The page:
Negotiating the sale of your Chicago condominium or house is all about the asking price. If the property is priced right, it will likely sell for the asking price or even higher. While this may seem a bit confusing, you need to understand that a condo appearing to be the best deal in a market with enough liquidity and a great marketing plan, then you will have no shortage of potential buyers for your listing. This is a simple supply and demand example; when there is a high demand for your condo, those looking to buy will drive the price upward in a bidding war. Great real estate agents, like those at Chicago Lakefront Properties, are masters at this and will likely get you much more than you expected when you sell your condo.
When negotiating the sale of your condominium, you don’t want to spend too much time with a buyer who could very well walk away from the table after weeks of negotiations. There are many horror stories of sellers who were at the end of the sales process, with the inspection completed and contracts ready to sign, when the buyer got cold feet and decided they no longer wanted the condo. At this point, you, the seller, are most likely packed and ready to move into your new place.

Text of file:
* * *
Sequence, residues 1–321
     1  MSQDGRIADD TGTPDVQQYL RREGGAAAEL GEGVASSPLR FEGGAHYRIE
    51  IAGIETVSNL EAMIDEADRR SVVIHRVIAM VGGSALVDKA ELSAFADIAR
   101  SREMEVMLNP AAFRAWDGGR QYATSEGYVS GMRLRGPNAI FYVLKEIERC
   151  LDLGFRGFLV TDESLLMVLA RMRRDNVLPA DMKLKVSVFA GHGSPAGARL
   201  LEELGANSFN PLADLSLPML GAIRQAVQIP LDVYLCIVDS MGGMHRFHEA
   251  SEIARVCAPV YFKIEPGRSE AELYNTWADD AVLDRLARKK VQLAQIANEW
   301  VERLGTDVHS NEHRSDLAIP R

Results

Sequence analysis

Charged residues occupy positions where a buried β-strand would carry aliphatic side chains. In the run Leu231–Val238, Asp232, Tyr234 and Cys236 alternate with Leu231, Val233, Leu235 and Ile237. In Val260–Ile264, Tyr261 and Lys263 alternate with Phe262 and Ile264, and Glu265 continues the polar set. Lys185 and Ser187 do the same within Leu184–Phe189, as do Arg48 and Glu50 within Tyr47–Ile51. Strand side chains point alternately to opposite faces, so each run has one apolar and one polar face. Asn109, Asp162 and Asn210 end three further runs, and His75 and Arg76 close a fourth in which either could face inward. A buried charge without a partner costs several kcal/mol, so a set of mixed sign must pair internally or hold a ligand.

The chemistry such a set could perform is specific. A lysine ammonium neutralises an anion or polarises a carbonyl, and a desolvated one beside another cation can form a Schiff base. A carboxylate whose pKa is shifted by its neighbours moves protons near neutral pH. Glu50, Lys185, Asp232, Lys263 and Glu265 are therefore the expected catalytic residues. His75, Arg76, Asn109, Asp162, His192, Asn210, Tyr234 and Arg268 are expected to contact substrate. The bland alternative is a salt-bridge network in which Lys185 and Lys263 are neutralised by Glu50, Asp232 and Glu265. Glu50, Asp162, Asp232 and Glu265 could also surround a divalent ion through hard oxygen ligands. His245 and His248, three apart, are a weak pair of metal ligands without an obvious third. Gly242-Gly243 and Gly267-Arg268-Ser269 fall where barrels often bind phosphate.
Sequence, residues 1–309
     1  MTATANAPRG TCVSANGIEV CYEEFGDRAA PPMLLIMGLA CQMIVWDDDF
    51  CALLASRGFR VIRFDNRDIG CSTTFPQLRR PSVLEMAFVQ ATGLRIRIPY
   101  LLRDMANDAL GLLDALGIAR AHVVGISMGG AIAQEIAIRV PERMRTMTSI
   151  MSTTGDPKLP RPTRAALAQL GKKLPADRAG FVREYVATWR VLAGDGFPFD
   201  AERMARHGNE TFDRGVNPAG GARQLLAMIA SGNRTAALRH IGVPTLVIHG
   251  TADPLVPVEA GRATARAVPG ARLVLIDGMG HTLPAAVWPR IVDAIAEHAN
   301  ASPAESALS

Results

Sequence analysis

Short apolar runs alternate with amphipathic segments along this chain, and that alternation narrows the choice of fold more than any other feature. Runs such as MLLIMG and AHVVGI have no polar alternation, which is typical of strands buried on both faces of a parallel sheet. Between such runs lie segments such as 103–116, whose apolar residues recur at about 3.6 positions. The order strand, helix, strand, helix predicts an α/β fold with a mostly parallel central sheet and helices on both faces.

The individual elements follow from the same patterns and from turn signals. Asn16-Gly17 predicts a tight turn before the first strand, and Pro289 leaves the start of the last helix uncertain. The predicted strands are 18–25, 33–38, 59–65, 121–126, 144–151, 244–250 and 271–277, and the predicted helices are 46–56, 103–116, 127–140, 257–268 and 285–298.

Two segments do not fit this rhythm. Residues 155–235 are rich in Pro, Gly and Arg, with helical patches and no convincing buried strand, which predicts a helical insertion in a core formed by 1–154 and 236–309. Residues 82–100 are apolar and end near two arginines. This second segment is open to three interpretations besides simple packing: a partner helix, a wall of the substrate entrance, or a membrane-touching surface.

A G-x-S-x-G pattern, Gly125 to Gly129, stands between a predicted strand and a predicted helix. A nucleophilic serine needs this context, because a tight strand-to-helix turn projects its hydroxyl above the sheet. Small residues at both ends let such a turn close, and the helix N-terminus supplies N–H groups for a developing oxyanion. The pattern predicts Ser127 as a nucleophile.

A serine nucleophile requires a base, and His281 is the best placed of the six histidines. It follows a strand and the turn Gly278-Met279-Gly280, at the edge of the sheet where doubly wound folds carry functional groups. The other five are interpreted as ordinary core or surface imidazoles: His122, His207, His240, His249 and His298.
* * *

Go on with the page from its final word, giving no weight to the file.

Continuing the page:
You will now have two mortgages to pay, instead of just one. Unless you have a lot of savings in the bank, you’re really going to be in hot water. Use the following advice to ensure this doesn’t happen to you.
No matter what you are selling, from a condominium to a lawnmower, it’s always a good idea to ask for earnest money deposit to ensure the buyer is serious about the purchase. You should ask the potential buyer to pay a minimum of 5 percent of the purchase price upfront so they think twice about walking away from the deal. Condominiums and houses within a homeowners association (HOA) community often have more buyers pull out toward the end of the process due to different rules in these situations. The buyer has a fixed number of days to review the association’s legal documents and are able to back out of the deal during this period.
If they do decide not to buy, you have a few options.
Before you consider any of these actions, be sure to get legal advice from a real estate attorney. It may not be cost-effective to pursue legal action in some cases.
@Properties, Tricia Fox Group
Jean Ward, Broker
212 E Ohio St, 2nd Floor
Chicago, IL 60611